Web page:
Prison Guards Across the Nation Refuse to Take Vaccine, Despite Prisons Frequently Being the Site of COVID-19 Outbreaks

Joe Jurado
·4 min read

There was a lot of talk about Black people being resistant towards getting the vaccine because the U.S. government has a history of medical fuckery when it comes to Black bodies. There’s less talk about a similar hesitancy towards getting the vaccine among prison employees, who have refused getting vaccinated at an alarming rate.

A report by AP News and The Marshall Project has found that prison employees across the country are frequently rejecting the vaccine at higher rates than prisoners. Some of the reasons prison employees have given for rejecting the vaccine include concerns about its effectiveness and side effects; some cited debunked conspiracy theories peddled by far-right websites; and others simply have a lack of faith in the prison system given how poorly they have handled mitigating the effects of the virus.

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This is concerning for a multitude of reasons: Prisons are natural hotspots for the virus, as the cramped living conditions, questionable hygiene practices, and an inability to effectively distance makes it easier to transmit the virus. FCI Miami, a federal prison in Miami, experienced two outbreaks last year. The first, which happened last July, resulted in over 400 of the prison’s 852 incarcerated people contracting the virus. In December, another 100 people also wound up contracting the virus.

Despite that, less than half of the prison’s 240 employees have been fully vaccinated, despite the vaccine being made available to them for well over a month.

From AP News:

Part of the resistance to the vaccine is widespread misinformation among correctional staff, said Brian Dawe, a former correctional officer and national director of One Voice United, a policy and advocacy group for officers. A majority of people in law enforcement lean right, Dawe said. “They get a lot of their information from the right-wing media outlets,” he said. “A lot of them believe you don’t have to wear masks. That it’s like the flu.” National polls have shown that Republicans without college degrees are the most resistant to the vaccine.

Several correctional officers in Florida, speaking on the condition of anonymity because they are not permitted to talk to the press, said many of their colleagues believe that the vaccine could give them the virus. Some have latched onto debunked conspiracy theories circulating on social media, the officers said, believing the vaccine contains tracking devices produced by former Microsoft CEO Bill Gates, who has donated to coronavirus treatment research. (The vaccine does not contain tracking devices.) Others believe the vaccine was hastily produced without enough time to understand the long-term side effects.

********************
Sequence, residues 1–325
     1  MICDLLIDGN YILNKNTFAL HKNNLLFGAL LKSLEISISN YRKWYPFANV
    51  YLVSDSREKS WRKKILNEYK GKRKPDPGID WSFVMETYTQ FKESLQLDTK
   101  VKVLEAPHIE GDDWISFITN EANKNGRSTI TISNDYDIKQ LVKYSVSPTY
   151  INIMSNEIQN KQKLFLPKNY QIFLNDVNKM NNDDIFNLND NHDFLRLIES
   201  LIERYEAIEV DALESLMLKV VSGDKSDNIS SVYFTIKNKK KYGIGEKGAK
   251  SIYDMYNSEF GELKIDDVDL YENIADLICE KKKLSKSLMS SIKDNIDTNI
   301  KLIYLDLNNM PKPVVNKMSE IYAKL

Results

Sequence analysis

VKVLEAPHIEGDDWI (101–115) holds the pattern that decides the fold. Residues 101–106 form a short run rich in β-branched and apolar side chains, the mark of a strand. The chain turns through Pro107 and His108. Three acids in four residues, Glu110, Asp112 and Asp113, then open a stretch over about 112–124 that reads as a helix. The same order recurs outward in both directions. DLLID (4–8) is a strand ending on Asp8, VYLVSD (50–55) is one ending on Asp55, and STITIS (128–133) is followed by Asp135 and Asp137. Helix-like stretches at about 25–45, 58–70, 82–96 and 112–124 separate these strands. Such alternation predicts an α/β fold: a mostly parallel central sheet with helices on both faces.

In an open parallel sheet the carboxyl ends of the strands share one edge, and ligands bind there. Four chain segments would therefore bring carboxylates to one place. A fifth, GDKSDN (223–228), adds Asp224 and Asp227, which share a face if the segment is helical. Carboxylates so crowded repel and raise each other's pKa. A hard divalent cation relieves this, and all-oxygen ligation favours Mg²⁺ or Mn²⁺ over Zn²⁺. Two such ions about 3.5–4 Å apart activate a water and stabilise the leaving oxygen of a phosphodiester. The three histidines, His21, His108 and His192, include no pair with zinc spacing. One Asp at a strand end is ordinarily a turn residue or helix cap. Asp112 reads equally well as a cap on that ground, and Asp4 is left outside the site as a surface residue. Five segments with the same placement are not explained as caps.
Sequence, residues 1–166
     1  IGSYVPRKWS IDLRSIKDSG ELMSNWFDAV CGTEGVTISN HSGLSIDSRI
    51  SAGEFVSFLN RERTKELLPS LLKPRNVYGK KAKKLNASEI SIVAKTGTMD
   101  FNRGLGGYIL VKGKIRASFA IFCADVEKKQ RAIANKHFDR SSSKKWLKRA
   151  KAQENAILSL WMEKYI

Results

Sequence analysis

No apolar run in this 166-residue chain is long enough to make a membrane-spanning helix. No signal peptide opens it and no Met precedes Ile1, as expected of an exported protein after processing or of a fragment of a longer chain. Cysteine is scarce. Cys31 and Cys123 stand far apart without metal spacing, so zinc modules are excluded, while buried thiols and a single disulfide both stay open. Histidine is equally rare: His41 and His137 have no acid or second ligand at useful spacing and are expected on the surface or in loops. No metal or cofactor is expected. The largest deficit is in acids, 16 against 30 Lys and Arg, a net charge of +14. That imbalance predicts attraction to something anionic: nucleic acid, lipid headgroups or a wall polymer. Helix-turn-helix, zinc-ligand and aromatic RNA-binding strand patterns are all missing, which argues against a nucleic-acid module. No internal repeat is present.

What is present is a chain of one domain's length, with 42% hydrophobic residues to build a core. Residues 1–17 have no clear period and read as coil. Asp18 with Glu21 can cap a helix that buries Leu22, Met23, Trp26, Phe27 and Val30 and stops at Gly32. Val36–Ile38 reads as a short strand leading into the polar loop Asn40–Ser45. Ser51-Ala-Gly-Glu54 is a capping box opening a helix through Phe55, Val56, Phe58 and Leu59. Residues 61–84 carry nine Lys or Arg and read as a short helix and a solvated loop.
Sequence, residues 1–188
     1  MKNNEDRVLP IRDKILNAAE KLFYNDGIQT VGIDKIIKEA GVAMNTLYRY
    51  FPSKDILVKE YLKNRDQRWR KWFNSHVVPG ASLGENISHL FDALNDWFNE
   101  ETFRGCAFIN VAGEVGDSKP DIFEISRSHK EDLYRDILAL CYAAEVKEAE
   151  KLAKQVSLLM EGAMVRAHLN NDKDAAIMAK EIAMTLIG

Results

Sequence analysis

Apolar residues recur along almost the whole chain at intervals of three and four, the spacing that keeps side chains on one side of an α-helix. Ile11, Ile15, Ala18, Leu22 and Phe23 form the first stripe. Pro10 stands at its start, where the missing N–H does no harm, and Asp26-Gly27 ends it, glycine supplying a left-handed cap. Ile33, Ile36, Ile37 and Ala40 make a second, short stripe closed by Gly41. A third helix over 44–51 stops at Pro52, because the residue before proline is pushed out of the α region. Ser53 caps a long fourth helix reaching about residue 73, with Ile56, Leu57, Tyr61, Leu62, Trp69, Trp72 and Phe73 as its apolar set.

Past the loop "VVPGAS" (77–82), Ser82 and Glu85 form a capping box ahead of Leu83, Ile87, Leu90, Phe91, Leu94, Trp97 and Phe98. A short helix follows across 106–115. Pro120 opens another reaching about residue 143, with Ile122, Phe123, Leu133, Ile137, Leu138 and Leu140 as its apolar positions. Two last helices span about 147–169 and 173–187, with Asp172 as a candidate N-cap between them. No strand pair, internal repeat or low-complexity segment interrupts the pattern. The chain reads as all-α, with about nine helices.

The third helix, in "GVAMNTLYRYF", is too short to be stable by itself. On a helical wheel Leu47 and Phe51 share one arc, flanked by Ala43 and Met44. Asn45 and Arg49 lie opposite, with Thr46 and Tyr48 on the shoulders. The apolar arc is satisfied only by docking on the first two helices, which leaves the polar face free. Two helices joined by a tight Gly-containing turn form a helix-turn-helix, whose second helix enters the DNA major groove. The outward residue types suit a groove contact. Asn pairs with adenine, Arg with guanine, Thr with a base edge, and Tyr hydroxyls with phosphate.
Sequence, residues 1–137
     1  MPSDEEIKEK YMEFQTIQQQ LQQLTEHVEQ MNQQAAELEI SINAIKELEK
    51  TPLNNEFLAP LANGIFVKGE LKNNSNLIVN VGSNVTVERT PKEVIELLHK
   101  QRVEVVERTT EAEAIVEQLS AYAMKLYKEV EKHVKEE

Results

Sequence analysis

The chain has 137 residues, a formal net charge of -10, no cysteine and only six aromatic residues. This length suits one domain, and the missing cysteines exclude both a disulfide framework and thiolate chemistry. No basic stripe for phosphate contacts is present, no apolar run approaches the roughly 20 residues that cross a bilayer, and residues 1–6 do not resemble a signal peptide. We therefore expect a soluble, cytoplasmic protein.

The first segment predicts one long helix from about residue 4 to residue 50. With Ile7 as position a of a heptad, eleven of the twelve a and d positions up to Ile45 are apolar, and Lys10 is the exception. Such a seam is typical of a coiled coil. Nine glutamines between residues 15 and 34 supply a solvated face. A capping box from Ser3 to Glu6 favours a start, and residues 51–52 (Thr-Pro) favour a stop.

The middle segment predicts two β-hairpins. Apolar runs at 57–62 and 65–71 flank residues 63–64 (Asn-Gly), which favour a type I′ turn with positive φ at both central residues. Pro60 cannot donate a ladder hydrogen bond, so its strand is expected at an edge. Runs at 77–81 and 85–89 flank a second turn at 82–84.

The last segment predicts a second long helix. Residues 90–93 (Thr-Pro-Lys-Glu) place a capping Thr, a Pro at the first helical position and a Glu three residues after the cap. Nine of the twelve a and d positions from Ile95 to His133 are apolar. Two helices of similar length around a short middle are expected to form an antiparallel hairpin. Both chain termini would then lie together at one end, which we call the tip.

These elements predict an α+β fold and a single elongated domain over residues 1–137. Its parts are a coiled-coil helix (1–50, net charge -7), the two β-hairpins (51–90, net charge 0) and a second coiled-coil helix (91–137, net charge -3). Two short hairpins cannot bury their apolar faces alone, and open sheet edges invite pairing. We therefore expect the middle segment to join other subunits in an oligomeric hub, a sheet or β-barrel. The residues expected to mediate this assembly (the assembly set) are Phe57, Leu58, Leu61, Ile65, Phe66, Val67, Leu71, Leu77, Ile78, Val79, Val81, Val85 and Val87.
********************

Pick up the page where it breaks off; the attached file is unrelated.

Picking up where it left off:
“I wouldn’t care if I worked in a dorm with every inmate having COVID, I still wouldn’t get (vaccinated),” said a correctional sergeant who has worked for the Florida Department of Corrections for more than a decade. “If I’m wearing a mask, gloves, washing my hands and being careful — I’d still feel better working like that than putting the vaccine in my body.”

These attitudes have had a mild beneficial effect for those incarcerated. The vaccine spoils fast, so instead of wasting vaccines that guards may refuse, they’ve been offered to prisoners. For those incarcerated with preexisting conditions, getting the vaccine can be the difference between life or death. Sadly, that doesn’t seem to factor into some of the decision-making of some prison workers when it comes to the vaccine.

You might be asking, “Why doesn’t the prison just make them get vaccinated?” Well, legally they can’t. Unfortunately, it seems that some correctional officers have to learn firsthand how debilitating and devastating the virus’s impact can be before seeing the need to get vaccinated.

Kareen Troitino, employee and union president for FCI Miami, told AP News that some of the staunchest anti-vaxxers in the union changed their minds real quick after experiencing the severe effects of the virus for themselves. “They have called me begging to have the vaccine reserved for them upon their return,” Troitino said. “A few faced life and death and are totally devastated by their experience.”

I just don’t get why it takes learning lessons the hard way in order to make a positive decision for yourself. There’s informed skepticism, and then there’s putting the lives of both yourself and others at risk.